In him we have redemption, the forgiveness of sins.

Colossians 1:13-14

Deliberately bringing to mind what God has done in the past can help us deal with the troubles of the present.

Asaph did this. He purposefully meditated on God’s wonders and miraculous actions in redeeming His people. In Psalm 77, he used the words remember or meditate six different times, indicating a need to keep practicing this discipline of remembering. Asaph reminded himself how God miraculously rescued His people from slavery by parting the Red Sea. God’s faithfulness to His people in the past gave Asaph confidence in the midst of his present difficulty.

Asaph wrote psalms as a way of remembering God’s goodness for himself and for others. In them, Asaph recorded what he knew to be true about God. And in difficult times, he could read these written psalms again and again to remind him who God is.

We can read them and remember too. 

I consider days of old,

years long past.

At night I remember my music;

I meditate in my heart, and my spirit ponders.

Psalm 77:5-6

 

I will remember the LORD’s works;

Yes, I will remember your ancient wonders.

I will reflect on all you have done

And meditate on your actions.

God, your way is holy.

What god is great like God?

You are the God who works wonders;

You revealed your strength among the peoples.

With power you redeemed your people…

Psalm 77:11-15a

Like Asaph, we need to practice remembering God’s promises and actions on behalf of His people. We can be confident that the God who spoke the world into existence, who parted the sea to rescue His people, who redeemed our sins on the cross and raised Jesus from the dead, who has given us everything we need for life and godliness through His Son, and who has promised to never leave us or forsake us, this same God will be with us and deliver us from our present troubles.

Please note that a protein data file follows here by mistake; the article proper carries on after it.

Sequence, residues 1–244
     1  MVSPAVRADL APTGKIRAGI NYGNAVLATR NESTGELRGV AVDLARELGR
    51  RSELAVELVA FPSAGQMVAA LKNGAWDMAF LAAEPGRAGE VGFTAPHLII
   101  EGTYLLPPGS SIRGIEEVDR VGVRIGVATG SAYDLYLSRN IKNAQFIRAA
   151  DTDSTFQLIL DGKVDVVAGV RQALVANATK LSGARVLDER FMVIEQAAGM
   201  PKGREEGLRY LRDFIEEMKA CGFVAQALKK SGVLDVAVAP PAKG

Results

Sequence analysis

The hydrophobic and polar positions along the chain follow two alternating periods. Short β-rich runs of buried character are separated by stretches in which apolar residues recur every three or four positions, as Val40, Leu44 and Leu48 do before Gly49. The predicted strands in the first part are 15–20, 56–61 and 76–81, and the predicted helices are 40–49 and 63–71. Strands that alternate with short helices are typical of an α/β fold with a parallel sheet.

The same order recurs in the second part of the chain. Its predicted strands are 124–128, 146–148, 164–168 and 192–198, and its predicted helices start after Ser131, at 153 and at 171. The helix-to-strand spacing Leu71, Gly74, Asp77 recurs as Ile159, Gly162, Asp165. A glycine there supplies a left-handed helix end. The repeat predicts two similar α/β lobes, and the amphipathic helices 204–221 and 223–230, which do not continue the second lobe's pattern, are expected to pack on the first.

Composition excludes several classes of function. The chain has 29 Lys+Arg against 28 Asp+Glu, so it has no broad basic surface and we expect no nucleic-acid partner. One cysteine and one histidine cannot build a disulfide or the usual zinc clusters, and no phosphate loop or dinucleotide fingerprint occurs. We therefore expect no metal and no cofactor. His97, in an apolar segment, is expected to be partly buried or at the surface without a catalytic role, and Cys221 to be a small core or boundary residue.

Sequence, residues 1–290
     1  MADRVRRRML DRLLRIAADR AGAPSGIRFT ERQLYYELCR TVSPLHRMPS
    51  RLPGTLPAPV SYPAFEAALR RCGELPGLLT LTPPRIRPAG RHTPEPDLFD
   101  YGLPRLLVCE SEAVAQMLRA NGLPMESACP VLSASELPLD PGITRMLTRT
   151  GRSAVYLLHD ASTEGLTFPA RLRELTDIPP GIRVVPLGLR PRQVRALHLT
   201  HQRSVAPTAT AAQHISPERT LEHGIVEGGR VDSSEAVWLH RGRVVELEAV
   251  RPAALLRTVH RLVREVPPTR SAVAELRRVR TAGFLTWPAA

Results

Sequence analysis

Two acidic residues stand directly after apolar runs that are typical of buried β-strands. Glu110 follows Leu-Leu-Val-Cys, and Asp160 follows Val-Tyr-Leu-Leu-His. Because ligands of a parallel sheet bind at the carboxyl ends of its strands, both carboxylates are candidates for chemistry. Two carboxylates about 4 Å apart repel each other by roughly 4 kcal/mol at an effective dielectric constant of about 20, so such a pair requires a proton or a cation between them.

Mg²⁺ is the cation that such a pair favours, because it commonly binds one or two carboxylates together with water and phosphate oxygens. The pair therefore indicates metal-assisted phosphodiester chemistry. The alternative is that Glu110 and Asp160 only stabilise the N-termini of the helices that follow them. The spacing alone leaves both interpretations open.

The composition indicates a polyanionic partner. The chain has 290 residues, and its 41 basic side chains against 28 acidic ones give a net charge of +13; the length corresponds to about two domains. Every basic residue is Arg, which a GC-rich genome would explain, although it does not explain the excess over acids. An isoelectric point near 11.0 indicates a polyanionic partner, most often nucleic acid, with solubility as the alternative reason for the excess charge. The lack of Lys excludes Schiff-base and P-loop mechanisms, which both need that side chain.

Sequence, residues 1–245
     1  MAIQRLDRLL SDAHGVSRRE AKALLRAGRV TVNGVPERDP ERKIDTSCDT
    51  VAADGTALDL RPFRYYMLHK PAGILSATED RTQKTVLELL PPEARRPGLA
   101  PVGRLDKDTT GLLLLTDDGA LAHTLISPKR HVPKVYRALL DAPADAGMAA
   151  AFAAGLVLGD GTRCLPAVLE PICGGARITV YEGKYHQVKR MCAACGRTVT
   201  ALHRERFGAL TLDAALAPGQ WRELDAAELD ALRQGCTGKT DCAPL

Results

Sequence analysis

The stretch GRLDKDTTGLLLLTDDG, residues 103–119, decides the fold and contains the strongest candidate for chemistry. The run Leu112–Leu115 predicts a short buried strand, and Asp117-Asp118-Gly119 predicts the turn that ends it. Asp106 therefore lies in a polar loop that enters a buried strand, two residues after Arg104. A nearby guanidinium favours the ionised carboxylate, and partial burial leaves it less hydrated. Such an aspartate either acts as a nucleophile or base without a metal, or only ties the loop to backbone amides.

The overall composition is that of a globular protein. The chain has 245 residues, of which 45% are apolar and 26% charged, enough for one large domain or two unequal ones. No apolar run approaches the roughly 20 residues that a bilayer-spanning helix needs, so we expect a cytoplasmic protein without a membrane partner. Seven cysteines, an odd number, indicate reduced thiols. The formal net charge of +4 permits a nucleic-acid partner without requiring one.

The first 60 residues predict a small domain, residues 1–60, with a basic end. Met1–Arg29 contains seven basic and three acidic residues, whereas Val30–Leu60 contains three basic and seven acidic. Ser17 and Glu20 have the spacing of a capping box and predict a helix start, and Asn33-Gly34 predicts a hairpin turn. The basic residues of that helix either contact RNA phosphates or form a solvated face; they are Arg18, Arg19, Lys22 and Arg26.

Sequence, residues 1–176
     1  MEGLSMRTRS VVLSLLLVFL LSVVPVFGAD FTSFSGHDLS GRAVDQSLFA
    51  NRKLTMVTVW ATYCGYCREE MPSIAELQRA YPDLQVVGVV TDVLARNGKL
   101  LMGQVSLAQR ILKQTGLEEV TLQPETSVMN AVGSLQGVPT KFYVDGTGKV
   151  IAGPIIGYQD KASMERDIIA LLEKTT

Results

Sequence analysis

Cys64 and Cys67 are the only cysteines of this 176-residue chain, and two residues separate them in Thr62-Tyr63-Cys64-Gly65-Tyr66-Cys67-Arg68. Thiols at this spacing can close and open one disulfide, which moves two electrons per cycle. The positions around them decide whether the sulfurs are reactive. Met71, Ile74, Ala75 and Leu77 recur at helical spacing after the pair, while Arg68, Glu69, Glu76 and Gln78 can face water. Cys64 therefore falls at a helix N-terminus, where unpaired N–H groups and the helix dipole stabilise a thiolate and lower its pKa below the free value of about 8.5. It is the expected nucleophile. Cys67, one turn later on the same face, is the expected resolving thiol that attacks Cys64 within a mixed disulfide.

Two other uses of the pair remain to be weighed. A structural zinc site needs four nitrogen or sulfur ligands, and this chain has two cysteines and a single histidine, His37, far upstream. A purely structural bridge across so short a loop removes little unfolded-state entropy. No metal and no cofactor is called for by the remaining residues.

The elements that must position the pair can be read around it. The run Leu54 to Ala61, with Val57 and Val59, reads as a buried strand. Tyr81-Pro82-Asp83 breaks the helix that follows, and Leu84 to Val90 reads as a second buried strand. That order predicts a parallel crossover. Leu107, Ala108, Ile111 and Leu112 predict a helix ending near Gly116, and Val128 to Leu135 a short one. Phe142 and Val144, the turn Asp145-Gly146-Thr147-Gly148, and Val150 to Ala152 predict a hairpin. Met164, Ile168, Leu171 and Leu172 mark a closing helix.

How can we practice remembering?

  • We can read God’s Word, reminding ourselves that what God did then, He can do today. He is the same yesterday, today, and forever.
  • We can write God’s Word on index cards or sticky notes, carrying God’s truth with us to prompt our memory when we need it most.
  • We can listen to God’s Word, with playlists of songs that set truth to music or with apps that read God’s Word aloud.
  • We can meditate on God’s Word, bringing His truth consciously to mind throughout the day. We can memorize the verses we need to counter the lies of the enemy.
  • We can journal, writing down what God does for us specifically so that we can see evidence of His love when we need reminding again.
  • We can tell others what God has done for us, sharing our experience of God’s faithfulness to encourage others who are going through the same trials.

 So, when stress levels rise or a crisis hits, we can do what Asaph did.

 We can cry out to God. We can even use the words of the Psalms to help form our prayers.

 We can seek the Lord in our day of trouble. We can choose to orient our hearts toward God, even in the midst of difficulty.

 And we can practice remembering the character of God, the wonders that God has done, and the promises He has given us while we wait for His deliverance.